example, a college essay often starts with a thesis, which is analogous to a
proposition in deductive reasoning. The thesis is supported or proved in the
body of the text, with premises. This leads to a conclusion, which can be more
or less similar to a conclusion from deductive reasoning. The same general
idea applies to an academic thesis, and even some business reports.

*****However, arguments in written language
are often **based on evidence**, which leads
to a conclusion, which does not fit the requirements of ** formal logic**. This is, because evidence
usually does not consist of indisputable premises. Evidence suggests or
indicates the possibility or likelihood that an argument and related conclusion
might be correct.

In
addition, the premises in formal logic are logically related to the conclusion,
and if **one of the premises turns out to be false**, the **entire argument
is invalid**. This is **not** the case
with evidence. For an example, let us assume a murder suspect was arrested
because his __blood__, __DNA__, __hair__, and __fingerprints__, was
found on the crime scene, and video surveillance shows him committing the
murder. If it turned out that the blood, hair, and fingerprints, was not from
the suspect, the video surveillance, and DNA would be adequate evidence for
conviction.

Inductive
reasoning is sometimes described as the opposite of deductive reasoning, or as ** bottom-up**
thinking. This is because it starts with observation of specific cases, to
create a general concept, or a hypothesis, which is the conclusion. That is,
inductive reasoning, usually involves examining a relatively small number of
entities in a specific category, and devising a general principle that applies
to all entities in the category. The following example will clarify this
concept.

Let
us assume, you examine 10 species of spiders, and they all have eight legs.
Then your conclusion is a **general statement**, which is __all spiders
have eight legs__. How accurate is this conclusion? Conclusions derived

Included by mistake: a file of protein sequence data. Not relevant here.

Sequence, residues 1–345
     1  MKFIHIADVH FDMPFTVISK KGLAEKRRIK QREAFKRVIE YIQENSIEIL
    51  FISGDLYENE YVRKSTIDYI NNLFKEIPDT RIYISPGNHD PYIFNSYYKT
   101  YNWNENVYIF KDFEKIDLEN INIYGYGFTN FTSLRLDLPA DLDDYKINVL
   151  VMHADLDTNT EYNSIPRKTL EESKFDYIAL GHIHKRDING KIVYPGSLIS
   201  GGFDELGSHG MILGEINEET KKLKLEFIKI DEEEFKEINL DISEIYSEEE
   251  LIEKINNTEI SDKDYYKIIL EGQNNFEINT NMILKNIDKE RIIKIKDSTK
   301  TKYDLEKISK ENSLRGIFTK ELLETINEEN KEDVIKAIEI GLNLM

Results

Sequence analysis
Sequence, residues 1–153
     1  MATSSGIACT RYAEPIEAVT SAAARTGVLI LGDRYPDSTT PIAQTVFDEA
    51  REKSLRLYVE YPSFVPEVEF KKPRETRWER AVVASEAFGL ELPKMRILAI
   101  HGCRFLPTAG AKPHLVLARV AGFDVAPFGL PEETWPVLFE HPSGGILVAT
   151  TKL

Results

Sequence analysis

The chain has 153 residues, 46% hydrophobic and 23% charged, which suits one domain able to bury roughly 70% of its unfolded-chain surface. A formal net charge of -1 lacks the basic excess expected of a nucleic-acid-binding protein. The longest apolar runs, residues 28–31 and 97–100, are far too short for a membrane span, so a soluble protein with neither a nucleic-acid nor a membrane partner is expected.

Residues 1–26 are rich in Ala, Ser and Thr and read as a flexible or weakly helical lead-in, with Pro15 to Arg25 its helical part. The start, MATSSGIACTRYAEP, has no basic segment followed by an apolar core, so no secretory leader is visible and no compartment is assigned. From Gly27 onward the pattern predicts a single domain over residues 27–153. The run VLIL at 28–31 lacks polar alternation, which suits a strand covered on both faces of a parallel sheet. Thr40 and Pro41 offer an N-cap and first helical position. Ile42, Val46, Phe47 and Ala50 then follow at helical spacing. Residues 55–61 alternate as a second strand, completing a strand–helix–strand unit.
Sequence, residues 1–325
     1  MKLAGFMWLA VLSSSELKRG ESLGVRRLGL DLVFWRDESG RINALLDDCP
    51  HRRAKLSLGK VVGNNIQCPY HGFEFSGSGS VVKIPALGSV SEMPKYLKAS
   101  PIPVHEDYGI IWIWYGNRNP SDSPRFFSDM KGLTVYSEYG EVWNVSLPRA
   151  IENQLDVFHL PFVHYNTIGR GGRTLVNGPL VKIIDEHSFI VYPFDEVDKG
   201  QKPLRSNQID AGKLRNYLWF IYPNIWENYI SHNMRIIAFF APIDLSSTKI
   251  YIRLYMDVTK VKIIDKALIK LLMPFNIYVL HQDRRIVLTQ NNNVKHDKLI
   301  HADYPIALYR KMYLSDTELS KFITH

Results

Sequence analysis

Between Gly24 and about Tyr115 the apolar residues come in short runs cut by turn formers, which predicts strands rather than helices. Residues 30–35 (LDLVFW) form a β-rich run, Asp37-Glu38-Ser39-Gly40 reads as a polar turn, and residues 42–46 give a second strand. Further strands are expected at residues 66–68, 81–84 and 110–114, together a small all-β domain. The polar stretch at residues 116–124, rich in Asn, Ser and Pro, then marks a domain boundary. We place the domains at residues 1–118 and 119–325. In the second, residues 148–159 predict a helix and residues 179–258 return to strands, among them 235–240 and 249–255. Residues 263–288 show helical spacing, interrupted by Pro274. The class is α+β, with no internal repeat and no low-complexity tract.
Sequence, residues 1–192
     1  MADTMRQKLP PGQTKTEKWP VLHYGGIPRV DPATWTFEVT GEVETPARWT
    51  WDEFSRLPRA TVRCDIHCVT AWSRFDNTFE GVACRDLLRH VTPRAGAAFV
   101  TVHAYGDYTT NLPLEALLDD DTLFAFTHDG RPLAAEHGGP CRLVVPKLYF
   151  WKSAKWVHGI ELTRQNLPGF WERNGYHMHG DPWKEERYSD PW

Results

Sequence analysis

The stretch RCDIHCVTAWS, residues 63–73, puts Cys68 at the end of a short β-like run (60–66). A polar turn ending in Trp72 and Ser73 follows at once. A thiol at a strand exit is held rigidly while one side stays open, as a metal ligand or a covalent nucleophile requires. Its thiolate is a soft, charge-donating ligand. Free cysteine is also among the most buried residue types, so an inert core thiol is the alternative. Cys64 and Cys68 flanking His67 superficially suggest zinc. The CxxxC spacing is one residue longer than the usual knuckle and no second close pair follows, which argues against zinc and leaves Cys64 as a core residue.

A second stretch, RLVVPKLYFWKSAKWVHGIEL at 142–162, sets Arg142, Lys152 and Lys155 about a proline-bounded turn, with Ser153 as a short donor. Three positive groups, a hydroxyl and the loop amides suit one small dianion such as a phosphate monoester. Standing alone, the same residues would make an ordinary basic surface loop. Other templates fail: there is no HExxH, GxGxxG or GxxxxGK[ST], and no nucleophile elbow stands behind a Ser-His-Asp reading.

with inductive reasoning are not considered 100% accurate, because they are
usually based on a limited number of samples. Using the example with spiders,
there is a possibility that if you examine more spiders, you may find that
there are spiders with six legs.

__Conclusions From Deductive Reasoning
Can Sometimes Be Converted To Definitions That are Indisputable__

Sometimes
conclusions from deductive reasoning can be changed into **indisputable definitions.** To clarify this idea, I will
return to the example presented in the previous subsection, which involve the
conclusion (or hypothesis)

The above essentially involves defining the observed or experimental sample with precise terminology. The following example will provide further clarification of this idea, in terms of social science.

Let
us assume that a scientifically designed survey is carried out on an __ethnic
group X,__ and the results indicate 97% of the sample was exceptionally
self-disciplined. Instead of saying that people in __ethnic group X are
extraordinarily self-disciplined, you can create a definition for highly self
disciplined people in ethnic group X, such as disciplined-Xs.__ Then
you can state that based on your survey 97% of the

With
the above technique, further study can be carried out based on the category
defined by the definition. For example, additional studies can be carried out
on the ** disciplined-Xs,** such as to determine how they became
highly self-disciplined, and to determine how this affects their achievements
in school and employment.

__Checking the Validity of Inductive
Reasoning__

The
hypotheses derived with deductive reasoning, usually cannot be converted to
indisputable definitions. **In such a case, the hypothesis must be evaluated